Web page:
Employers can be exposed to liability from various sources. One particular source is recognized under the theory of negligent hiring. As the name implies, negligent hiring involves imposing liability on the employer for “hiring and retaining employee(s) that the employer knew or should have known was likely to undertake conduct against third parties or other employees which could create legal liability.” The scope of liability for negligent hiring also includes failure to adequately train and supervise employees; meaning, an employer may face liability for the conduct of employees that is attributed to inadequate training and supervision of the employer. It comes as no surprise, the role of an employer comes with many risks, and many of which can impose legal liability to the employer.
In order to prevail in a claim for negligent hiring and/or supervision, the plaintiff must show that the employer failed to exercise reasonable care in choosing or retaining an employee for the specific responsibilities that the employee was hired to perform. Reasonable care means the degree of care in the hiring that a reasonably careful and prudent employer would exercise in the same similar circumstances.
Negligence cannot be presumed just because the injury occurred. The plaintiff must prove that the employer had either actual or constructive notice of the employee’s incompetence. Actual notice means that prior to the alleged act of employee that resulted in injury to the plaintiff, the defendant-employer actually knew of employee’s incompetence. This may be established by way of constructive notice—which means that the defendant-employer, in the exercise of reasonable care, should have known of the employee’s incompetence prior to the alleged act of the employee that resulted in injury to the plaintiff.
An employer can attempt to avoid negligent hiring and retention claims by properly doing a background check, drug testing, checking employment and personal references, and by taking other appropriate measures, when possible, that would minimize the risk of hiring a potential employee not suitable for the position.
Similar to the theory of negligent hiring and retention is the theory of vicarious liability. Vicarious liability is the ability for an employer to be legally liable for the actions of an employee. This type of liability may be imposed through actions against other employees or third-parties.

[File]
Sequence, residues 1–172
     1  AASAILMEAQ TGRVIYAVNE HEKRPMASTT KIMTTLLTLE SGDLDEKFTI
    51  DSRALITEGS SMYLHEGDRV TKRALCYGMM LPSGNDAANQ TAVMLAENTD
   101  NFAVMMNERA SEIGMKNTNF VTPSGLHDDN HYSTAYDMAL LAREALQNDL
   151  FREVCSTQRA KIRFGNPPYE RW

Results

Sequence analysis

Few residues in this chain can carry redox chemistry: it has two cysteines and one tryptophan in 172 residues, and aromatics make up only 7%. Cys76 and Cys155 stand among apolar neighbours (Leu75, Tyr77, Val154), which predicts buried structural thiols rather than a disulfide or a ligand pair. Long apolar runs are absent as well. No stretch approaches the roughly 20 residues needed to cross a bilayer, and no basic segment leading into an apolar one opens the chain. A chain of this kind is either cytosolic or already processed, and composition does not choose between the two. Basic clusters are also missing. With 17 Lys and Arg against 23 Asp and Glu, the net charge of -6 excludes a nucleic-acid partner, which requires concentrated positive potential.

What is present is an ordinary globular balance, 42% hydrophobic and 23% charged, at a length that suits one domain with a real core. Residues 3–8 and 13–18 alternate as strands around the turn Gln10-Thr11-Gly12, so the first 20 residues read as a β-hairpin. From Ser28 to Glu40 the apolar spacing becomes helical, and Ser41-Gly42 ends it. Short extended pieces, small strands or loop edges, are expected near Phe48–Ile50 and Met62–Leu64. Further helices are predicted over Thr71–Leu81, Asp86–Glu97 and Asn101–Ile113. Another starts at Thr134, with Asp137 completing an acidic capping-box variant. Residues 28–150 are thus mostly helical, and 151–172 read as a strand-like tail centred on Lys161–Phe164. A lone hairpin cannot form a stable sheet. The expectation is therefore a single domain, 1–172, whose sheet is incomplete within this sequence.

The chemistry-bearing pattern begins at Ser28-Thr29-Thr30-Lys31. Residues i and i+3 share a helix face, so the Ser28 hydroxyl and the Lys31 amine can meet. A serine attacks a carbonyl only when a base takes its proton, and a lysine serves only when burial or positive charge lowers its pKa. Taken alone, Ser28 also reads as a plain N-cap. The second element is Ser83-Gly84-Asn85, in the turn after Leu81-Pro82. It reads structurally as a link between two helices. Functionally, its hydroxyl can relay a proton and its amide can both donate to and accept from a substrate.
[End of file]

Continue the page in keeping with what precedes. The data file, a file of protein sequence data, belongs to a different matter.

Of particular importance, however, is holding an employer liable to a third-party for the acts of an employee. To hold an employer liable for the negligence of the employee, a plaintiff must establish the following: (1) the employee was negligent; (2) that the negligence of the employee was the proximate cause of the plaintiff’s injury; and (3) that the relationship between the employer and employee existed between them at the time and in respect to the very transaction out of which the injury arose. In this scenario, the plaintiff will have single tort action against two or more defendants as joint tortfeasors, or under the doctrine of respondeat superior.
The doctrine of respondeat superior generally allows an employer to be held vicariously liable for the tortious acts committed by an employee acting within the scope of the employee’s employment. Under the doctrine of respondeat superior, the plaintiff must establish that an employer-employee relationship existed between the wrongdoer (employee) and the person sought to be held liable (employer). It follows, it must also be shown that the employer-employee relationship existed at the time the employee engaged in the wrongful conduct and it was within the scope of the wrongdoer’s employment. Further, it was being performed in furtherance of the employer’s business. Proof of general employment alone, is not sufficient. This doctrine is premised on the notion of an employer’s duty to third-parties. Under such duty, it is equitable to hold the employer liable for actions committed by employees engaged in the work of the employer, and doing that which such person is employed or directed to do. As such, whether done negligently or maliciously, the employer is liable for not only what the employee does, but also for the ways and means employed by the employee in performing the action.